Dojo: Aikido Arts of Shin Budo Kai/ Bedford Hills, New York
Location: New York
Join Date: May 2006
Re: Morihei's changing picture.
The re-writing of history is a common phenomenon that occurs universally and is not simply an anomaly that can be localized to the Japanese culture and more specifically, to Aikikai itself. To add to Fred's illustration of how another aspect of Aikido history was "re-brushed ," I would like to point out another big example. The following is from the unedited version of Shizuo Imaizumi's interview that was published in the Aikido Journal.
Imaizumi: This interview was offered by you. I would like you to put the following matters in your magazine. I really want to say this fact for a history of Aikido. An author is apt to disclose his real intention in his first published book. For example, if you write a book for the first time, you will write what you really want to disclose. Let me give an example from the first Aikido book, [u]Aikido[u] by Kisshomaru Ueshiba, published in August 1957 by Kowado, Tokyo. Kisshomaru Ueshiba wrote about Koichi Tohei Sensei vividly for his brother-in-law in page 83 of the section 6 of chapter II of Aikido, entitled "what is Aikido" as follows: Tohei, 8th dan, made a voyage for Hawaii from 1953 to 1954, and made an effort to spread Aikido. While he was staying in the USA he participated in an all-American Judo championship held at San Jose together with Mr. Kurisaki, the president of Hawaii Judo Kai. By the request of many people coming there, Tohei took five men all together as his opponents such as Americans and American-born Japanese who were selected among the participants around the United States. Tohei threw them all and this news spread around the world in those days. All of his opponents were over six feet in height and they all were unknown persons to him and thus he became a hero as a result of overmatching five men easily in Aikido techniques. The true value of Aikido went recognized to the general public. In 1955, Tohei went to Hawaii again. He returned to Japan in May 1956 and he became Shihan Bucho or chief instructor of the Hombu dojo...
Imaizumi: In November 1970, after Kisshomaro Ueshiba Sensei became the Second Doshu, he wrote Aikido Nyumon (Introduction to Aikido), published by Tokyo Shoten, Tokyo. When he received this book from the publisher, he gave us a copy with his autograph. In page 249 of Chapter 7 of Aikido Numon, entitled "history and the Present," Ueshiba Sensei wrote about Tohei Sensei just simply as follows: In the United States, Kochi Tohei, Shihan Bucho, took a first step in Hawaii in 1953. Since then, the population of Aikido there increased rapidly...."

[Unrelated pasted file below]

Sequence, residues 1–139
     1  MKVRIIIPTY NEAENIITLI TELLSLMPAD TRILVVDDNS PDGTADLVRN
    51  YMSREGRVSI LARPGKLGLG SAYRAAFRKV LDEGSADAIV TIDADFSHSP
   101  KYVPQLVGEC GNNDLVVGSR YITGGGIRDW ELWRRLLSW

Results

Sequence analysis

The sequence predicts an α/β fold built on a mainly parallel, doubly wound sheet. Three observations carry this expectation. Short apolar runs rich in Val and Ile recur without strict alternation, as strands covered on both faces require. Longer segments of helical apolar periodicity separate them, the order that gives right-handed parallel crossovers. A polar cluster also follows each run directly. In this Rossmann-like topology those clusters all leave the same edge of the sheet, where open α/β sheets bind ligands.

By the way, Tohei Sensei had been still Shihan Bucho at that time and Ueshiba Sensei could not erase these sentences from his book. However, in the revised edition of this book later years, Seitsetsu Aikido Kyohan (Detailed Aikido Textbook), this portion has no longer existed.
Imaizumi: Take a look at Kisshomaru Ueshiba Sensei's latest book, Aikido Ichiro (My life in Aikido, publisihed in October 1995 by Shuppan Geijutsusha, Tokyo. This book is the kind of memoirs of the author through a history of Aikido. But this time, I can only find the name of Koichi Tohei Sensei in this book. For example, the name of Tohei Sensei appears several times: In page 79 (as a friend of Tadashi Abe Sensei in a quotation from an article written by a fiction writer named Mr. Kawahara), in page 194 (as one of uchideshi in the Kobukai), and in page 212 (as one of pioneers who went to the foreign countries to spread Aikido). Although there are several Hawaii stories of O'Sensei and the Second Doshu, nobody can find out from this book who took a first step in Hawaii to spread Aikido. Even in the Aikido nempu or a chronological list of a history of Aikido in Appendix (page 288-301), Tohei Sensei's achievement in the United States had been obliterated completely although I could find many matters of no consequence in comparison with Tohei Sensei's first step in Hawaii in 1953. It sounds to me, according to Kisshomaru Ueshiba Sensei's Aikido Ichiro, that a history of Aikido in the United States began almost spontaneously without anyone's effort. Mr. Pranin, what a difference there was among three books by the same authro, Kisshomaru Ueshiba Sensei.